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Byron Shire
May 25, 2022

Oliver’s twist on farming

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Young farmer, Oliver Bora, with one of his hens

At the ripe old age of 20, Oliver Bora has already been farming for three years. What started as a school project – running some chooks on the grounds of his school farm – has turned into a fully-fledged business.

Today, Oliver runs about 2000 chickens on The Farm at Ewingsdale and sells his pasture-raised eggs at the local farmers’ markets. Oliver not only brings young blood but also fresh ideas to the farming industry.

‘I really want to make an app and robots to move the chicken caravans in the paddocks,’ Oliver says. ‘It’s a great opportunity in farm innovation and now that I’m set up and running, I’m looking at research and development.’ 

Oliver’s other focus is sustainable farming and he says that all farmers have a duty of care to the land. ‘I believe sustainable farming is the key to our future’ he says.

To that end, Oliver manages his flock using a cell-grazing method – his chickens are housed in purpose-built caravans that are rotated around the farm.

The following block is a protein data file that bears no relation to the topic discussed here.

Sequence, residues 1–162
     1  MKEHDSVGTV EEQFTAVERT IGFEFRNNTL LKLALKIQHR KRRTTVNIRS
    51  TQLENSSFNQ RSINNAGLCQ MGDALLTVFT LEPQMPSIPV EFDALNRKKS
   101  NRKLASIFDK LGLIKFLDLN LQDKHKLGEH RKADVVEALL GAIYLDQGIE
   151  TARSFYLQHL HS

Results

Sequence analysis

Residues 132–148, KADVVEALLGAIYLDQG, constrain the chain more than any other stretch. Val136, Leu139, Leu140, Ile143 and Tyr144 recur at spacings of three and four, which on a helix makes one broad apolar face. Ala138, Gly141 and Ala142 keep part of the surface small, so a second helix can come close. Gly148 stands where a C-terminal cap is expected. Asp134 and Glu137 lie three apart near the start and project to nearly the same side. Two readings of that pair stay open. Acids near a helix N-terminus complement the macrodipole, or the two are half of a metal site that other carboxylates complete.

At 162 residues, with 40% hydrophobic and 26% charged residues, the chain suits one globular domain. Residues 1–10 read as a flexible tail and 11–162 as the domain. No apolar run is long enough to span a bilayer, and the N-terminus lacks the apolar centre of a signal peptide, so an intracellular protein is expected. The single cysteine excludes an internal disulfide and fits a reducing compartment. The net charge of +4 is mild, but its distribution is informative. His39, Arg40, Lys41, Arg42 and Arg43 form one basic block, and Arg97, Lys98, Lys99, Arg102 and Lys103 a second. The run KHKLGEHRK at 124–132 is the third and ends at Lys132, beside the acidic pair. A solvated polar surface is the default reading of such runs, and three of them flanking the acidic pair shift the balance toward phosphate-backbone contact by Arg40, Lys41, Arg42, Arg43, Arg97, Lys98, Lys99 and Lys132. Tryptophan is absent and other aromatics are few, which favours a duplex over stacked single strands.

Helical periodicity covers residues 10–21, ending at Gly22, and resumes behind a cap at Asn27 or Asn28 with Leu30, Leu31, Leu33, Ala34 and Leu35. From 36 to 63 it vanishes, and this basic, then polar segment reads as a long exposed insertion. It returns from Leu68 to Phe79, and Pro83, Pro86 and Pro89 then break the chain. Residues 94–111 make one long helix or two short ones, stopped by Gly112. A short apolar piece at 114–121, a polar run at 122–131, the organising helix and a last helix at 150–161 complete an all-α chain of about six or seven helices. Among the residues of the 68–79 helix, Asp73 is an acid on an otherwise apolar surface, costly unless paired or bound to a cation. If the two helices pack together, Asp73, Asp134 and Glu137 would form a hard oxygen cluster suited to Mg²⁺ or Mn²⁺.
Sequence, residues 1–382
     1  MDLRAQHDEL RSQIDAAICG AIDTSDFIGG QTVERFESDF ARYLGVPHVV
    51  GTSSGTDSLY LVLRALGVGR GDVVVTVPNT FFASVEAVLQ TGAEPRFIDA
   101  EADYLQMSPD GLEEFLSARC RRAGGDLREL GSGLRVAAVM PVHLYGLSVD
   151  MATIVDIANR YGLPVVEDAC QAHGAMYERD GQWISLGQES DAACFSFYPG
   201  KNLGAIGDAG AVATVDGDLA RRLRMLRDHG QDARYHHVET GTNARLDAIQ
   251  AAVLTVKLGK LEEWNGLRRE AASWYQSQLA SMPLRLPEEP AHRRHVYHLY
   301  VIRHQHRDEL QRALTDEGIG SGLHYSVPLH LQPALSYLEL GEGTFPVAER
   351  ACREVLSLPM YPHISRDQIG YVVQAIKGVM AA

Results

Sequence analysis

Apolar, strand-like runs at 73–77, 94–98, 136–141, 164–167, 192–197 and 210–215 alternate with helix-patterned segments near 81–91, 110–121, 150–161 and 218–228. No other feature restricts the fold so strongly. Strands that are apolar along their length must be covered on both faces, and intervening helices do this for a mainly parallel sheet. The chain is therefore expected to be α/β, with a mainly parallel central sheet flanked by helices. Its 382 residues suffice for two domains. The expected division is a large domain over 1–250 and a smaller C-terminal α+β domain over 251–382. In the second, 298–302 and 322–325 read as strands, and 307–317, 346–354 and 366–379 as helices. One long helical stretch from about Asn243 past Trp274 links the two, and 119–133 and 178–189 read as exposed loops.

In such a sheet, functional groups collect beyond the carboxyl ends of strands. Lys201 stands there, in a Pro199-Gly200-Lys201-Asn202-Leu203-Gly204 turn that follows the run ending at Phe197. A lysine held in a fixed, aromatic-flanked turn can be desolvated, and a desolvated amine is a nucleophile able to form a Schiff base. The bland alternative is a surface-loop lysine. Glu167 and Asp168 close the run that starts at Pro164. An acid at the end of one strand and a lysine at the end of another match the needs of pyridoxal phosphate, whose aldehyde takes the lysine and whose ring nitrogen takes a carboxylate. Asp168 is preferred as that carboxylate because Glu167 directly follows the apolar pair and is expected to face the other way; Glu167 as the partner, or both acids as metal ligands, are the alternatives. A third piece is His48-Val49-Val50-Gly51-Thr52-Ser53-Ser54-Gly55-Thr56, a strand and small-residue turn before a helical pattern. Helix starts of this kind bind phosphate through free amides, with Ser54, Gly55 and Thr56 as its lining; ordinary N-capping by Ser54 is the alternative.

‘The chickens can come and go from the caravans so they are free to roam the paddocks as they please, and the caravans are moved every three days and the fences every two weeks,’ he explains. ‘The cattle come in first, eat the grass down and spread manure. Then the chickens come in and eat the grass from ankle height down and spread all the manure. At night they poo from the caravans and that spreads more manure on the grass. By moving the caravans I’m fertilising and regenerating the land.’ 

Oliver says that while farming comes with its challenges, he can’t imagine doing anything else, and one of the benefits is being able to interact with his customers at the farmers’ market every week.

‘The markets are great because you work so hard to create your product and then the market is a time to showcase that and socialise,’ he says. ‘It’s also an opportunity to ask your customers questions about labelling and the product and get that immediate feedback, which is invaluable.’

You can find Oliver and his pasture-raised eggs at Byron Farmers Market every Thursday morning.

Byron Farmers Market is held Thursdays 7–11am at the Butler St Reserve and Bangalow Farmers Market is Saturdays 7–11am behind the Bangalow pub.

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